Class action lodged over Callide Dam 'inland tsunami'

SUNWATER created an "inland tsunami" and was "grossly negligent" for the destruction of property and possessions from the floods in the Callide Valley following Cyclone Marcia, according to engineer Ken Pearce.

Mr Pearce has worked with dams and water management since 1973 and said operators should have been standing at their post operating the gates before the water reached its peak.

The cyclone raised the dam's water level to a point where the dam gates were automatically triggered and released 1.8 Olympic-sized swimming pools into the Callide Valley per second.

Mr Pearce said the operators had a duty of care for the people of the Callide Valley.

"They weren't standing by their posts because of the cyclone. That's not good enough," he said.

"If the operators are at risk standing at their post ready to operate the gates, it is a flaw in the design."

In his opinion it was fundamentally neglect on SunWater's behalf for operating the dam in a way where it was unsafe to open the gates manually in a weather event.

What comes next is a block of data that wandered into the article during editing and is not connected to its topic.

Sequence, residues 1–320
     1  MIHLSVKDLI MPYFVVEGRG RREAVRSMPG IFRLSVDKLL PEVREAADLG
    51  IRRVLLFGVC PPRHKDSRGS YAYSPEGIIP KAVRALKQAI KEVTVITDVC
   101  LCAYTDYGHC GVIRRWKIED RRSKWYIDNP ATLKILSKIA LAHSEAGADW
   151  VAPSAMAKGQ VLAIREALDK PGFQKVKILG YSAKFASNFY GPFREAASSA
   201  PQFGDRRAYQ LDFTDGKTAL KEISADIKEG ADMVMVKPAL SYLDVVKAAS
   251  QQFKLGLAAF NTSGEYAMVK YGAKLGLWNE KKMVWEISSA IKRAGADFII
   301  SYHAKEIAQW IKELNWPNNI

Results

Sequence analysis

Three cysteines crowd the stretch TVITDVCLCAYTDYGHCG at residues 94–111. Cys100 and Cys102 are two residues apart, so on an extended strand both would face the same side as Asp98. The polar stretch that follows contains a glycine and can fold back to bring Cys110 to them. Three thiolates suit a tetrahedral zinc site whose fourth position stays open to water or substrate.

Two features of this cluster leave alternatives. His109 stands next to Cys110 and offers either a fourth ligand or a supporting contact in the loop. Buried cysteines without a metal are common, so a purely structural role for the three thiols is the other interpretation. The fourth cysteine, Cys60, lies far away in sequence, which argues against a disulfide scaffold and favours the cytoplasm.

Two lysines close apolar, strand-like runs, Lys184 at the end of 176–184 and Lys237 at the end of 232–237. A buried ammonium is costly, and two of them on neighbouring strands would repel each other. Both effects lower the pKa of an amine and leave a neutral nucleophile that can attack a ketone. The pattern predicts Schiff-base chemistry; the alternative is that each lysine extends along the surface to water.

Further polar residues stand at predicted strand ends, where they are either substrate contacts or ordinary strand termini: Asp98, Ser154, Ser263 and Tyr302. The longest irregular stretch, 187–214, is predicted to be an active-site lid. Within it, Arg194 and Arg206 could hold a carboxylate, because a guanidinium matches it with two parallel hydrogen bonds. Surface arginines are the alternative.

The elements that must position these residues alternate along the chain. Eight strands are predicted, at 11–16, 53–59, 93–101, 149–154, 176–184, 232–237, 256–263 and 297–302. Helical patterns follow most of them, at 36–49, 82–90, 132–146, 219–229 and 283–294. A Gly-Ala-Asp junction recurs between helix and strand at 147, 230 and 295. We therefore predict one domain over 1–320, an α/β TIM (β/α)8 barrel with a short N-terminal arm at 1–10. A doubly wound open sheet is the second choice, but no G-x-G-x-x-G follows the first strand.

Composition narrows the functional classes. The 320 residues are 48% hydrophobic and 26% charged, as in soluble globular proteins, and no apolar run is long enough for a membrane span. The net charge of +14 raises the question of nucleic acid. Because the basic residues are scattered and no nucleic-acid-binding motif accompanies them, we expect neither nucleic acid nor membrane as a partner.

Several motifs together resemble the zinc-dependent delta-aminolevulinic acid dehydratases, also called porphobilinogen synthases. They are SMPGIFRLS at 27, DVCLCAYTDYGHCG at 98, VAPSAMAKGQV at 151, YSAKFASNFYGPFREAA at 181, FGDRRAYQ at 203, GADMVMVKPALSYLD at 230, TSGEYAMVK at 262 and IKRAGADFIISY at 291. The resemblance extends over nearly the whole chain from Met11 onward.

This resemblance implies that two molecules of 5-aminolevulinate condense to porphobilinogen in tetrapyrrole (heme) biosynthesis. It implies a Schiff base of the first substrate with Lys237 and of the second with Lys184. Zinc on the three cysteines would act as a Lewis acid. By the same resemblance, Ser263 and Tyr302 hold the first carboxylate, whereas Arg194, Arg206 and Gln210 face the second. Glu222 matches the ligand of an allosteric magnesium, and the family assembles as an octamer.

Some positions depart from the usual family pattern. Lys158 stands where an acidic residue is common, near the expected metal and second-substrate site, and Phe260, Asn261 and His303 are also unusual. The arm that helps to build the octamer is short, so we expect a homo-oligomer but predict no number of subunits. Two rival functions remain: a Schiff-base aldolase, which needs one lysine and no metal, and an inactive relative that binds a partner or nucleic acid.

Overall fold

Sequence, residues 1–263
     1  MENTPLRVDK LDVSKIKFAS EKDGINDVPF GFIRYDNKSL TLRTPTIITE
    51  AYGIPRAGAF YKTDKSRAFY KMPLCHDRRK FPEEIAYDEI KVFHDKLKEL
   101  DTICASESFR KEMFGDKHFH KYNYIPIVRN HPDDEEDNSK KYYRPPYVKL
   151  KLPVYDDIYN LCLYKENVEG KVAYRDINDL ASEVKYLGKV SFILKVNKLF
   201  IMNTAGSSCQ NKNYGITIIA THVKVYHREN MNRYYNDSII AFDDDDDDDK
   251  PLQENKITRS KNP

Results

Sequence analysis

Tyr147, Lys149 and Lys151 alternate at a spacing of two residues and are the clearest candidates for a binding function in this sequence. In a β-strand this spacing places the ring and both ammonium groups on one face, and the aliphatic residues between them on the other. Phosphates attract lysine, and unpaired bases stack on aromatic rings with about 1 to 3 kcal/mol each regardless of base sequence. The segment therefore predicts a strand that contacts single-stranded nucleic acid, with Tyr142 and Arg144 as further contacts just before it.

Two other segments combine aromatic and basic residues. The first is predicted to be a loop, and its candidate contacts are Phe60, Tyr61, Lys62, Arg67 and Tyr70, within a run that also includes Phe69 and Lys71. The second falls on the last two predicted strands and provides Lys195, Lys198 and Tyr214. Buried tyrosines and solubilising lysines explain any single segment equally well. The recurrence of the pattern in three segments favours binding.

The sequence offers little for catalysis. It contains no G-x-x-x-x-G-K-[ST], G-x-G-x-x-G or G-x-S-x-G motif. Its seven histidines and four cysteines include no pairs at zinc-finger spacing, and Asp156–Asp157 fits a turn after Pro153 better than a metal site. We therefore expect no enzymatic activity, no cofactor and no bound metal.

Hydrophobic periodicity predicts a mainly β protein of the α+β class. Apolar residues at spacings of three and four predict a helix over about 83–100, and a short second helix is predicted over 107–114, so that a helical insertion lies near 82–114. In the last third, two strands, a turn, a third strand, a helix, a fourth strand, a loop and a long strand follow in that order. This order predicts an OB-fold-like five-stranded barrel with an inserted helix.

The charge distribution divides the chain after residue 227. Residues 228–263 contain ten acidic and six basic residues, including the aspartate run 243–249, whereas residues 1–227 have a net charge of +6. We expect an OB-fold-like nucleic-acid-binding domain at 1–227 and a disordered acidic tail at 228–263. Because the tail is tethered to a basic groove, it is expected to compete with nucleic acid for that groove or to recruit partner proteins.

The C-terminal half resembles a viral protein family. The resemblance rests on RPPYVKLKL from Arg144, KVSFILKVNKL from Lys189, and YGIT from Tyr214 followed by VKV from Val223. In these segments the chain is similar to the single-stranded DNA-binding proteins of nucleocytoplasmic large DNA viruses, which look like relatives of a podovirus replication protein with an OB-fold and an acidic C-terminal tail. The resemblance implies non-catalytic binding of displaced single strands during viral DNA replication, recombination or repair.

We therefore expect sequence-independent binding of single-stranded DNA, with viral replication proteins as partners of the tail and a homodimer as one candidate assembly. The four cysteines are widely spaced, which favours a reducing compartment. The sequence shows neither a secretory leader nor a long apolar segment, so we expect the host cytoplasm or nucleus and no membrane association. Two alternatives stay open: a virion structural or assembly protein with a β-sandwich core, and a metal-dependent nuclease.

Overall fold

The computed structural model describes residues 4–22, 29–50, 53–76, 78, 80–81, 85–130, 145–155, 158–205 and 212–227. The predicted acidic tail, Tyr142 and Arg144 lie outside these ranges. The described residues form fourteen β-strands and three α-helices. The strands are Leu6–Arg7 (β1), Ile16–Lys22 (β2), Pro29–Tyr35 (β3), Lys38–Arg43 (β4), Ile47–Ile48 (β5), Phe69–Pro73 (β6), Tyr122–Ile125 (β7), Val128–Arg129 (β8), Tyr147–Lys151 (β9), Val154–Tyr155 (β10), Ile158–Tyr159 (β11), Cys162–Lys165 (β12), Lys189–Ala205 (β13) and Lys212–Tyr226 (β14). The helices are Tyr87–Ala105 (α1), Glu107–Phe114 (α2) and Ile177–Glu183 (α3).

Victorian law firm Madden's Lawyers also believes SunWater was negligent and on Wednesday filed a class action lawsuit on behalf of the victims.

Principal lawyer Brendan Pendergast said inquiries led lawyers to conclude the damage caused by the uncontrolled release could have been avoided.

"We know SunWater was aware of the pending weather conditions in the lead-up to February 20 and that the Callide Dam was already close to capacity," he said.

"We'll be convening periodic community meetings in the Biloela and Jambin regions to provide local residents with up to date advice and information."

Jambin resident Glen Livingstone said he wanted to join the class action against SunWater but had not been asked.

"I received a letter from Madden's Lawyers telling me it would wait for the independent report to be released," he said.

The report was scheduled to be released last Friday but has been postponed until June 5.

"The law suit was filed on the day the report was rescheduled so the lawyers must have some good evidence," Mr Livingstone said.

He said he wanted compensation for the equipment he lost.

"Something back would be great. I'd also like a bit of rain at the moment," he said.



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